The only weak track in this compilation selection will probably her highest-profile cover (Floyd's See Emily Play), which I find particularly twee and out of place in the present album. The other cover is rather better, but it's hard to confirm that A better Side Of Her is indeed so, because it's overwhelmed by string arrangements (most likely synthesized) and is a bit cheesy. The delicate-sounding The Last Time is again in the same tonal frame (all three versions are demos), but still full of charms with his pipes in the background. The compilation closes on a 19-mins stunning epic that forms the spine of her previous album (Talking With Strangers), with the first guitar-dominated movement slowly segues to a piano-driven second section with some lengthy spell-binding soundscape before a Porcupine Tree-like guitar interrupts a bit abruptly to let the an insane musical quagmire make inroads into your sanity. While the track never really climaxes, there are plenty of superb moments that should please all progressive folkheads.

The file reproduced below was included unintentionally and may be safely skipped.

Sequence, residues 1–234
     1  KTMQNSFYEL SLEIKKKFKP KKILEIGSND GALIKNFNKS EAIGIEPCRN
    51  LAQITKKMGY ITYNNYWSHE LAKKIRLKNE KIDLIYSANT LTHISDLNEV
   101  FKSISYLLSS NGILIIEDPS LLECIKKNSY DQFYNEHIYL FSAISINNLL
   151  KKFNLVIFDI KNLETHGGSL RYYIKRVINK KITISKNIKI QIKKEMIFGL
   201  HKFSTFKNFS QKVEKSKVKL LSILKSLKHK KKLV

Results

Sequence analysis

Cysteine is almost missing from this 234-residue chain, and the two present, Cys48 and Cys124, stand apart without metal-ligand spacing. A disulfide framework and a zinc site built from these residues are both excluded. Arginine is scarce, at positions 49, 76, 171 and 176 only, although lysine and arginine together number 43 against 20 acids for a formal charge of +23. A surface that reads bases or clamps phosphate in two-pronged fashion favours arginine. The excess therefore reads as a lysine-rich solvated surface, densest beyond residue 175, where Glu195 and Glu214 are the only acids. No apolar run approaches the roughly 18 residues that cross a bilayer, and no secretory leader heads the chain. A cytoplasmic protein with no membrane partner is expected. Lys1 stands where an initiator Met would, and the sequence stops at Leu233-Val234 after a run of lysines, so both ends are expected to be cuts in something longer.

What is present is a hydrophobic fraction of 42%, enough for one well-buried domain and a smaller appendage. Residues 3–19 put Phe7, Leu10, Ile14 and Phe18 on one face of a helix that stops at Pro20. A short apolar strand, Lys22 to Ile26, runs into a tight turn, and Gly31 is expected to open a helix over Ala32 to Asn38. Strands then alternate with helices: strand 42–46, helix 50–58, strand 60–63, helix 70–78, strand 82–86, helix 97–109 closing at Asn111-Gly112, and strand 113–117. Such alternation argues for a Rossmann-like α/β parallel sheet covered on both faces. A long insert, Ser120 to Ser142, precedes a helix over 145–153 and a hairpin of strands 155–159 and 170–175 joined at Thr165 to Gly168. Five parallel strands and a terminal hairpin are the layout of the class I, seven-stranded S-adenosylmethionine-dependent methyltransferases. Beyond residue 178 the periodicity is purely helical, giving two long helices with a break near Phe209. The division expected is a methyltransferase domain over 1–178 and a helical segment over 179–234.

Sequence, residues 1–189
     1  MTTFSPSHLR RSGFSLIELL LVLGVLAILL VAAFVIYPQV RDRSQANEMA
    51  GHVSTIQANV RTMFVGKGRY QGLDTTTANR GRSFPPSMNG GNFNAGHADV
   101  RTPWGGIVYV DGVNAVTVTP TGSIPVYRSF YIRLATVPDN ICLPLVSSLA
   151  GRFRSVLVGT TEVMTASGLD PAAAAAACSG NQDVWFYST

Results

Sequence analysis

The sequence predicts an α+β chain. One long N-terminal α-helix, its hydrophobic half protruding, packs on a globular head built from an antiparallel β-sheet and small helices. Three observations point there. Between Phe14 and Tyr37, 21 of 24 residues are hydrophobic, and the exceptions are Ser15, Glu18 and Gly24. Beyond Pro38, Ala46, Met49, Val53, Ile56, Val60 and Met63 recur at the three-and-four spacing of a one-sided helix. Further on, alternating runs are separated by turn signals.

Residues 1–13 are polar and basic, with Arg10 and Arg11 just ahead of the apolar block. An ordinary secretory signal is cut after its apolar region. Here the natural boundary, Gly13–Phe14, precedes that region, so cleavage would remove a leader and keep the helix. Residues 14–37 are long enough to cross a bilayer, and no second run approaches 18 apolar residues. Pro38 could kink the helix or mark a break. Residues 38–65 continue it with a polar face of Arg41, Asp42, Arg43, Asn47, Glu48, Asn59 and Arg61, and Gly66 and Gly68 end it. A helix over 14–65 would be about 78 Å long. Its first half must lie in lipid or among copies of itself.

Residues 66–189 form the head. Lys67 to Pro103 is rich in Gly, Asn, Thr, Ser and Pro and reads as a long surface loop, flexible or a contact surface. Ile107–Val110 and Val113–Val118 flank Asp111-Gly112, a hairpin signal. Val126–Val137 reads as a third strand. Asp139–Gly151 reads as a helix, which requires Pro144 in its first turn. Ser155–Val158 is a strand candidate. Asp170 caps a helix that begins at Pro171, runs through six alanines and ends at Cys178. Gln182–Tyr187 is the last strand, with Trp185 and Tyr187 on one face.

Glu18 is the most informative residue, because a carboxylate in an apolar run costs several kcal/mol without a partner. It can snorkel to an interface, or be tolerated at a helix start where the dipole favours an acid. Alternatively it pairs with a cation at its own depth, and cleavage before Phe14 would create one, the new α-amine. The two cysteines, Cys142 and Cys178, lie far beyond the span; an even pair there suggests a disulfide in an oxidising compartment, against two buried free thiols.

Well, I'm not a big fan of that glossy bi-monthly mag, but then again they managed sometimes to pleasantly surprise me (Harper, Pentangle and Fairport were also on the menu), so you'd better jump on that issue to get an earful of freaky folk-prog, or else you might have to get one of her last two albums (apparently her brand-new is still not out), which I'm sure will be quite charming? I will most-likely indulge in the near-future.

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 Starcrazy - An Introduction To Judy Dyble by DYBLE, JUDY album cover Boxset/Compilation, 2011